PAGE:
The Jewish Art Salon is accepting submissions for an exhibition at two venues in Amsterdam, The Netherlands, and is inviting member artists to submit their work for consideration. The exhibit will take place at the Amstelkerk and at Plein van Siena.
SPINOZA, Marrano of Reason
The exhibition deals with the way we are all experiencing the philosophy, world and ideas of Baruch Spinoza in our daily life. This 17th century Dutch philosopher called upon human beings to live by the guidance of reason, ideas which shook the Jewish and non-Jewish world. It was a defining moment in history which still has its enormous impact on humanity.
The exhibition's title refers to Spinoza and Other Heretics: The Marrano of Reason, one of the most influential publications about Spinoza, written by Yirmiyahu Yovel, the founder of the Jerusalem Spinoza Institute. The book is about Spinoza, about Marrano culture, and about Reason, and how these three topics relate to each other. It discusses how the Marrano culture and its elements are used, and transformed Spinoza’s thoughts. The last few years many young Spanish/Portuguese Jews in Europe, descendants of Marranos, have been searching/trying to restore their ties with their heritage. “I am a Marrano” is their motto. For them the word Marrano is a metaphor for "Jewish".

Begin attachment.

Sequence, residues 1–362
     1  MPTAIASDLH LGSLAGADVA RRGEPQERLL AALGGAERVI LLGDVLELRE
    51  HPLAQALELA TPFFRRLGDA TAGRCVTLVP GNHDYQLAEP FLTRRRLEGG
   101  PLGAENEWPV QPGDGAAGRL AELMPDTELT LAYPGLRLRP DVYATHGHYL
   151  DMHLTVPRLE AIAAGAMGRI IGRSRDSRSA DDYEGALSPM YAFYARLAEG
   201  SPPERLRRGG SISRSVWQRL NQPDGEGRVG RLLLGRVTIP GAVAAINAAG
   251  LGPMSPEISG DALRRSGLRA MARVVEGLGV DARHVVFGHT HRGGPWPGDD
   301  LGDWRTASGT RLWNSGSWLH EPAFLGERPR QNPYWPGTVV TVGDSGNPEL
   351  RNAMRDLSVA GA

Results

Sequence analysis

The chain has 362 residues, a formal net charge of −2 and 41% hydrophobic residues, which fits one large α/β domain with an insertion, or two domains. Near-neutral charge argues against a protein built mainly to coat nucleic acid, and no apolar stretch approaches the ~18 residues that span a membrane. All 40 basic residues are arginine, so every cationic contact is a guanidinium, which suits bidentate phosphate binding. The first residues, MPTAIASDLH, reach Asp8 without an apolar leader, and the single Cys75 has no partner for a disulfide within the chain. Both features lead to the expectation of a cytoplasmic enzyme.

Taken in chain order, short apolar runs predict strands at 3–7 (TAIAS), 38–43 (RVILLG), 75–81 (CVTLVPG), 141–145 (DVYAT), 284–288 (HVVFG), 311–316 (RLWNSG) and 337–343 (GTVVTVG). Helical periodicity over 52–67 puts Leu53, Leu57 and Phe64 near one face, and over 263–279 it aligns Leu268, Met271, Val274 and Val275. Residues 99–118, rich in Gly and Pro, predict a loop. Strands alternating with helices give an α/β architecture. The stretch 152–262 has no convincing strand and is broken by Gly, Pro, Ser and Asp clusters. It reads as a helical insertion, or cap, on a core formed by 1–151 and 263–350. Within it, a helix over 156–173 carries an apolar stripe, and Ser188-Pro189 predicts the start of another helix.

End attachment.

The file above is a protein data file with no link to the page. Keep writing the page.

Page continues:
We are looking for artworks that reflect themes related to Spinoza's ideas:
- Breaking boundaries erected in the last hundred years (and in the case of Israël reaching its tipping point of political and territorial boundaries).
- Defining Jewishness in the modern world.
- Diversity, tolerance, immigration.
- Religious fanaticism.
- “The Purpose of the State is Freedom” said Baruch Spinoza. Is this a reality, or still a dream?
- Freedom of Speech….do your ideas about freedom of speech endanger my existence? Do mine yours?
- The entangled relationship between old and the new, the traditional and modern (within all traditions).
Venues: Amstelkerk and Plein van Siena, both in Amsterdam, The Netherlands.
Exhibit dates Amstelkerk: March 2019.
Opening Reception Amstelkerk: March 3, 2019.
Exhibit dates Plein van Siena: TBA
Opening Reception Plein van Siena: TBA